What They Say:
All train fanatic Naoto Takayama has ever dreamed of is becoming an engineer, but when he finally makes the grade and scores a trainee position with the JNR, his ambitions are totally derailed.
Now, instead of the big front cab of his dreams, Naoto’s stuck in the security division working with a squad of gorgeous girls and escorting pretty idol singers. Oh, what a nightmare!
Okay, so there are the occasional bomb threats, thieves, and members of the rogue railway privatization group RJ to deal with, but that’s what trigger-happy harpy Aoi and Sho, the squad’s only other male member, are for. And if Naoto’s one-track mind could just see the light at the end of the tunnel, he might realize that he’s already on an express train to paradise with multiple lovely cabooses. Will getting railroaded take on a whole new meaning? Find out as everyone gets off on the wrong side of the tracks in Rail Wars!
The audio presentation for this release brings us the original Japanese language track only in stereo using the DTS-HD MA lossless codec. A series like this definitely takes its audio design seriously as there’s even talk of it in the show about recording the trains and more. That kind of capture of accurate sounds is important in a lot of anime series and it works out well here as there’s a definite life to the trains, the stations, and just the sounds of the places. All of this helps to make the show more engaging if you’re actually willing to engage in that aspect of it. The character side of it is a bit more straightforward with what it does as there’s a fair bit of general conversational elements and some of the usual action elements to it. It’s all solidly produced in this area though it won’t exactly stand out in the same way that the material with the trains themselves do. Having enjoyed car based series that takes things seriously, it was welcome to have more of that here.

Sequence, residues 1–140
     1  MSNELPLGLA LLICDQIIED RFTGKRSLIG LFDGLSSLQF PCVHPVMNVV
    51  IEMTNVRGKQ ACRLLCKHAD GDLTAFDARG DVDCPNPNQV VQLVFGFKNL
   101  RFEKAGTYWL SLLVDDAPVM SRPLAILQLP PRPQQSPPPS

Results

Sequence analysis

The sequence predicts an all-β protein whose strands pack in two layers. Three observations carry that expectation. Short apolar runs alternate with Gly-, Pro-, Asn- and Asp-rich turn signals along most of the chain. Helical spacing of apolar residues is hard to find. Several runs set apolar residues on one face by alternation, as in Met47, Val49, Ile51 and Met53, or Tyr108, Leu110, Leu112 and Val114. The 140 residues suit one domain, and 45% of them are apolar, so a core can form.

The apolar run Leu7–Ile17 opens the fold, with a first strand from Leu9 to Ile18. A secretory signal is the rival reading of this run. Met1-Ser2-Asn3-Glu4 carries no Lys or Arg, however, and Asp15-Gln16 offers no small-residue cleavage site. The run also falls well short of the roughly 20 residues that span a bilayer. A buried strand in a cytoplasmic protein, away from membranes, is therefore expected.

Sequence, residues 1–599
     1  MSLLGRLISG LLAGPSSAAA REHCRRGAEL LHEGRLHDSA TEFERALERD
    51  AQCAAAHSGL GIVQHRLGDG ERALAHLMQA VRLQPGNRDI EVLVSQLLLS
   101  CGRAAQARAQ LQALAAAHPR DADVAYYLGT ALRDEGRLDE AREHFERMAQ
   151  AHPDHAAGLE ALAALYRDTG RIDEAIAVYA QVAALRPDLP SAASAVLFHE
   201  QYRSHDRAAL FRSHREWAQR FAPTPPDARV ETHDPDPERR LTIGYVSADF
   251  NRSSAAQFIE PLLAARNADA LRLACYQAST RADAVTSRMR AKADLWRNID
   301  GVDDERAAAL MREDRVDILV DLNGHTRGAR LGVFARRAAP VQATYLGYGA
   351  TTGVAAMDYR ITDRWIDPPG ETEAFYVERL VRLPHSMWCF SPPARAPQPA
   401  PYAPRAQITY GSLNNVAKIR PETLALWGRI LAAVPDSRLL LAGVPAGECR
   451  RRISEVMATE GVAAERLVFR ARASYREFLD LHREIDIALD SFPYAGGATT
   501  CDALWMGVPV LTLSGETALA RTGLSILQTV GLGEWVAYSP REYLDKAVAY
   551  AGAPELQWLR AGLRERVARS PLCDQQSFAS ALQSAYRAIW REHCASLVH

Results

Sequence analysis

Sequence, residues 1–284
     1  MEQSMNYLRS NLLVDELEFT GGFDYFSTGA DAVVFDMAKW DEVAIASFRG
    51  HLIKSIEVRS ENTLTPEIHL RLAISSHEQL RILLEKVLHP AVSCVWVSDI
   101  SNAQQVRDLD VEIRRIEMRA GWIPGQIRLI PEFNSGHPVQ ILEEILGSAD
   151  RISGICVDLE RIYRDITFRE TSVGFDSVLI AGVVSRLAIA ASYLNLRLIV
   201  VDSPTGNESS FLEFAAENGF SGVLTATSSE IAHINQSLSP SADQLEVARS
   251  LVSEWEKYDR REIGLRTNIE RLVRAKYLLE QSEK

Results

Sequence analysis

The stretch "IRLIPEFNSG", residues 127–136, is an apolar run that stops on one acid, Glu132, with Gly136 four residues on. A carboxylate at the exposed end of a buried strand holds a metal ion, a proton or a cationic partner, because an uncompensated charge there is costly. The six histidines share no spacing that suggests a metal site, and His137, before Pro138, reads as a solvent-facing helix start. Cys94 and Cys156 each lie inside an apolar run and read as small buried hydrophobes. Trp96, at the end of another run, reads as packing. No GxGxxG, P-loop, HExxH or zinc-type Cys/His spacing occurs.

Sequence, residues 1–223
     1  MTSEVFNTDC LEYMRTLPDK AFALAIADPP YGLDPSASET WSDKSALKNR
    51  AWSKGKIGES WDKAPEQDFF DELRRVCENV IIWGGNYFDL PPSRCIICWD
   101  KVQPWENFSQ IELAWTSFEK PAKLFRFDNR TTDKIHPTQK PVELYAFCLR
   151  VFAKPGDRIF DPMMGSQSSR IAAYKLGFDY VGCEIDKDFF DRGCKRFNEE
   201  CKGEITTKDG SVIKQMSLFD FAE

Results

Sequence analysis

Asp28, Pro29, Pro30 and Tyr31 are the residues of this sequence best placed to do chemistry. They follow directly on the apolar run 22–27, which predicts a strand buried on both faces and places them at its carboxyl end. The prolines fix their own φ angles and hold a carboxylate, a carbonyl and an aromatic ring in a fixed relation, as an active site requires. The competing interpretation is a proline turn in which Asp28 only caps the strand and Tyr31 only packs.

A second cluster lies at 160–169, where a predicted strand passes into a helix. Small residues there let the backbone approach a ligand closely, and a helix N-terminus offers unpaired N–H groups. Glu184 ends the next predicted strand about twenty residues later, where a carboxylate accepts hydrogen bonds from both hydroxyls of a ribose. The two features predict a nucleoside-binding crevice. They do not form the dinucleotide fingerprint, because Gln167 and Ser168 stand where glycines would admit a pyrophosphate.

Originally airing in 2014, the transfer for this TV series is presented in its original aspect ratio of 1.78:1 in 1080p using the AVC codec. The twelve episodes are kept to a single disc here since it’s a monolingual release and that helps to save some space. Animated by Passione, the show has a very good look about it as it works some really great detail in the character designs, especially for the more fanservice oriented aspects of it, as well as paying good attention to detail with trains and settings. This gives the transfer a lot to work with and the end result is pretty solid all around. The color design is solid, the CG for the trains where used works well, and I really liked the character designs and color work used on them. Though it may not be the richest looking transfer out there it’s one that definitely is appealing.